Tomorrow and tomorrow and tomorrow
The Afghan government has banned news media organizations from publishing or reporting on suicide bombings and other violence all day tomorrow during the presidential election (New York Times). It is unclear how the government intends to enforce this ban, which was called a "request" in English and "strictly forbidden" in Dari (The Guardian).
Potential Taliban shows of force and low voter turnout, especially in largely Pashtun areas where incumbent president Hamid Karzai is popular, are cause for concern about the legitimacy of the election results. NATO is predicting a high turnout among Afghanistan's some 17 million registered voters, and has about 300,000 soldiers on guard to help secure the election (CNN).
Cops and militants, not robbers
In the third major attack in five days on the heavily fortified capital of Kabul, Taliban militants stormed a bank in Kabul this morning, Afghanistan's independence day, resisting for several hours before they were killed by Afghan police (Pajhwok and Wall Street Journal). The insurgents claimed they sent twenty suicide bombers into Kabul looking for targets, and several election workers have been killed in the last day as part of the Taliban's stated campaign to disrupt voting tomorrow (New York Times and VOA).
In spite of militant attacks, all of the nearly three thousand polling centers in Nangarhar, Kunar, Laghman and Nuristan are set to open tomorrow (Pajhwok). There are separate polling centers for men and women, but there may be a shortage of female election workers in some areas (Financial Times). The polls open at 7AM local time tomorrow (AP).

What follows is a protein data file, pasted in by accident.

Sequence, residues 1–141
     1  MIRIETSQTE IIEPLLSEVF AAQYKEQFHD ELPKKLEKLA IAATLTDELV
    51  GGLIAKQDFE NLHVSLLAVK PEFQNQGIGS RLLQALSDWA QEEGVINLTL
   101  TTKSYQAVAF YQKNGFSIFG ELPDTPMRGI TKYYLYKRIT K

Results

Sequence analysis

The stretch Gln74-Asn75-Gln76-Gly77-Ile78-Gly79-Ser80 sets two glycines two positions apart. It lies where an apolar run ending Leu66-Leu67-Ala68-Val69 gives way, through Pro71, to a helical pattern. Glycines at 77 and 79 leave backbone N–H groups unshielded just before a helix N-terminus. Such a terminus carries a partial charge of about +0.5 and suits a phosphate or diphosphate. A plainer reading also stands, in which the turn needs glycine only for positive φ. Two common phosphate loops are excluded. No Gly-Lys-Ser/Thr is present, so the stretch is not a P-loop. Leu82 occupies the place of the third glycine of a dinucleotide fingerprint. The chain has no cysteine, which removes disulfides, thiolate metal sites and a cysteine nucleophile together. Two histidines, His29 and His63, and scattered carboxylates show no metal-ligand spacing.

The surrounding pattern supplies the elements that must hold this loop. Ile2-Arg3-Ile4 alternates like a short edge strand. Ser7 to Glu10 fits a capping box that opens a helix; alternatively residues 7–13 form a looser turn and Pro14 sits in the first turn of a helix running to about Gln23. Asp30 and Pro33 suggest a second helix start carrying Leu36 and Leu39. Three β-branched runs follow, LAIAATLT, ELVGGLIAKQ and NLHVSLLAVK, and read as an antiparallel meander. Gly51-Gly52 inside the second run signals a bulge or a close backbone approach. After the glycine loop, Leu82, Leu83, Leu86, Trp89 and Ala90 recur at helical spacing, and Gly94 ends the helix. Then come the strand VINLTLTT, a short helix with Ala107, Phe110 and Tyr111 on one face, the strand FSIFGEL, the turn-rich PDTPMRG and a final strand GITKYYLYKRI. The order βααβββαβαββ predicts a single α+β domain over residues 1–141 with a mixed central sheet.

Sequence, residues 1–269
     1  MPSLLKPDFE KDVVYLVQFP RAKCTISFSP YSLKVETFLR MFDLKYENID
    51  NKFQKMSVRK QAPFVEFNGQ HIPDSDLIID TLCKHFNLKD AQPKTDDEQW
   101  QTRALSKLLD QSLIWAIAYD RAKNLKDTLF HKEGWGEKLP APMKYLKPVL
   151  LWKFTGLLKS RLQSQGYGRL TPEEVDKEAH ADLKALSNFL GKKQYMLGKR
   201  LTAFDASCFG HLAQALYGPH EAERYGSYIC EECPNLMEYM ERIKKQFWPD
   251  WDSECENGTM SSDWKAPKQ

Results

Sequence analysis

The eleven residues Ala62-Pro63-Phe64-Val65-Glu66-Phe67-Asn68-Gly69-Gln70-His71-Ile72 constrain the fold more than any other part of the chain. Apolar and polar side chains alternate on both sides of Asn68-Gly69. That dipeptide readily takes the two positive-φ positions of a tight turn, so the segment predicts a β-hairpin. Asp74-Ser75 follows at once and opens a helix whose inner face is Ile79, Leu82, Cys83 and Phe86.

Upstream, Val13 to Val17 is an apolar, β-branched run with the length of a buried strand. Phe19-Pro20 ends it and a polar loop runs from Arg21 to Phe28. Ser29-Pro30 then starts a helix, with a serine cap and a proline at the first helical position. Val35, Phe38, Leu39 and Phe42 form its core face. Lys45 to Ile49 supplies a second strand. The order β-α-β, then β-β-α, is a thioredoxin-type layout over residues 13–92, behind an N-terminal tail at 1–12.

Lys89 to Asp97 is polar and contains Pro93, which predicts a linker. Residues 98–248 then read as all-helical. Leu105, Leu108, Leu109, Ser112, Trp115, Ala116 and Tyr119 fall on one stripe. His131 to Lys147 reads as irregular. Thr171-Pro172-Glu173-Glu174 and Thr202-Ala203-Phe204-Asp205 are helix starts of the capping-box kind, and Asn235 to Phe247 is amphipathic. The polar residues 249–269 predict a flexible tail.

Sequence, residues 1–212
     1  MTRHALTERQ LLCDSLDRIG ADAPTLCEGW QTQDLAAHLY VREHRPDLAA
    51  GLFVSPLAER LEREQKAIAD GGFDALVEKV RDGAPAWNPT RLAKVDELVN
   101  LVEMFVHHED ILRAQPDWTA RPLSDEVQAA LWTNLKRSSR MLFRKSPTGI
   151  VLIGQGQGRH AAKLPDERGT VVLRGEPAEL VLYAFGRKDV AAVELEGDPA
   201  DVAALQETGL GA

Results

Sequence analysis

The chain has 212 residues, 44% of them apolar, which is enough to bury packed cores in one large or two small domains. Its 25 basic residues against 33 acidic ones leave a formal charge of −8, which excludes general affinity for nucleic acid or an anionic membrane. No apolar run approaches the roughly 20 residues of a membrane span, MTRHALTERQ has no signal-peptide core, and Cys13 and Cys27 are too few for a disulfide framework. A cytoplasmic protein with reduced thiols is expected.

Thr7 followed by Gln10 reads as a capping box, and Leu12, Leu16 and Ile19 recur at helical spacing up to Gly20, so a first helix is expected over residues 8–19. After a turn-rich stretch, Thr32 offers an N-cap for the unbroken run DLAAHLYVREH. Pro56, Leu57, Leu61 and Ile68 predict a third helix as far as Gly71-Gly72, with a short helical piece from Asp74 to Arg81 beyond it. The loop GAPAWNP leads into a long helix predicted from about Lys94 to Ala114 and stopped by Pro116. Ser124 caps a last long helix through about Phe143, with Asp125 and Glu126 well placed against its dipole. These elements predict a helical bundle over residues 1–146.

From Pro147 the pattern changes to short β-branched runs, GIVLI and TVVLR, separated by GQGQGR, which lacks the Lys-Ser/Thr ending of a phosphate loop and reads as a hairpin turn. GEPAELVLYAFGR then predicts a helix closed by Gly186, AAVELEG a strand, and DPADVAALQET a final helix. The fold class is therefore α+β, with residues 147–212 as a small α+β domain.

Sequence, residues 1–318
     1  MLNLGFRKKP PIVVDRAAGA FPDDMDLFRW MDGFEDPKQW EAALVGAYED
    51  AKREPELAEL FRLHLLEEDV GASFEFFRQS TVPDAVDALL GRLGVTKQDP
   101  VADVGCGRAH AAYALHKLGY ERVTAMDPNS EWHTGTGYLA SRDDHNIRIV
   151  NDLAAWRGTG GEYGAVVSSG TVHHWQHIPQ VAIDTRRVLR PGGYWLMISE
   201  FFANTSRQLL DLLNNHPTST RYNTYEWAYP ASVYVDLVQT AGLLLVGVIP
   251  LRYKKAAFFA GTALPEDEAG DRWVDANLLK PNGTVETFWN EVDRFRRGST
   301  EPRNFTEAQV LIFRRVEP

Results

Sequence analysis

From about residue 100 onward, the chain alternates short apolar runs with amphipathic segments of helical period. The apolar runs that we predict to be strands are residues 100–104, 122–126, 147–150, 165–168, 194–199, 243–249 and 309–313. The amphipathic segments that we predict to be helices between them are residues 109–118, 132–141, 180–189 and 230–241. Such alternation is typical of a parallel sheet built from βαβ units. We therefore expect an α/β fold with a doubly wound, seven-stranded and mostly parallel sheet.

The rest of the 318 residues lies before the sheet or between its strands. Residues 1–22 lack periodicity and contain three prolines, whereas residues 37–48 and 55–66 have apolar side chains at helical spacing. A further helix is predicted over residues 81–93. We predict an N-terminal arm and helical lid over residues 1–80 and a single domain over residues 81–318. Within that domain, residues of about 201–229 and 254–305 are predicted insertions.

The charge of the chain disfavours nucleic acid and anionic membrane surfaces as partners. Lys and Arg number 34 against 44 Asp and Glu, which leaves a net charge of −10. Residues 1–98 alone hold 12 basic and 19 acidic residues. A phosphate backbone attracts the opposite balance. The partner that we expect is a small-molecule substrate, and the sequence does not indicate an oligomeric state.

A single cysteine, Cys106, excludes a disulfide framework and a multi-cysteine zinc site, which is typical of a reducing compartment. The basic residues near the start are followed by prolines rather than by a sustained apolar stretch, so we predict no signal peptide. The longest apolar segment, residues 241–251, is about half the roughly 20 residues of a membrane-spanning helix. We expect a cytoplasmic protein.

Karzai is currently favored lead to contest for Afghanistan's votes on Thursday, but many Afghans are critical of his poor record on security and the economy (Washington Post). There are only four main candidates in the race, although over forty are running. An economist at Kabul University divided the presidential hopefuls into three categories: "the top 10 who are making a real bid for power; an additional 15 who are angling for a post or a payoff, and the remaining 16 who just want to be someone" (New York Times).
The weather and the wars
Obama administration officials are putting the heat on Pakistan to go after the Taliban aggressively and take advantage of "recent and rare" military successes, including the apparent death of TTP leader Baitullah Mehsud (New York Times). Special envoy to the region Richard Holbrooke is currently in Pakistan, but was not allowed to visit the Swat Valley, site of this spring's battles between the Pakistani military and the Taliban, to assess the gains independently. The army told Holbrooke that "adverse weather" forced them to cancel the trips.
The Taliban spokesman who was captured yesterday in the tribal agency Mohmand, Maulvi Omar, said to his captors that Baitullah Mehsud is in fact dead (Bloomberg). Taliban commander Maulvi Faqeer Mohammed from Bajaur told reporters that he is the acting chief of the TTP, but denied Mehsud has been killed, while offering no explanation for Mehsud's current incapacitation (Dawn).
Another Taliban commander, Qari Saifullah, was arrested Monday after reportedly going to a hospital to be treated for injuries he sustained from a drone strike (BBC and Daily Times). Both are being questioned about their roles in terrorist attacks.
In eunuch news
Pakistan's Supreme Court this week directed the government to make it easier and safer for transvestites to live in Pakistan by providing free health facilities to them and coordinating representatives for the 'eunuchs,' who are often reduced to begging and dancing for a living (Dawn).
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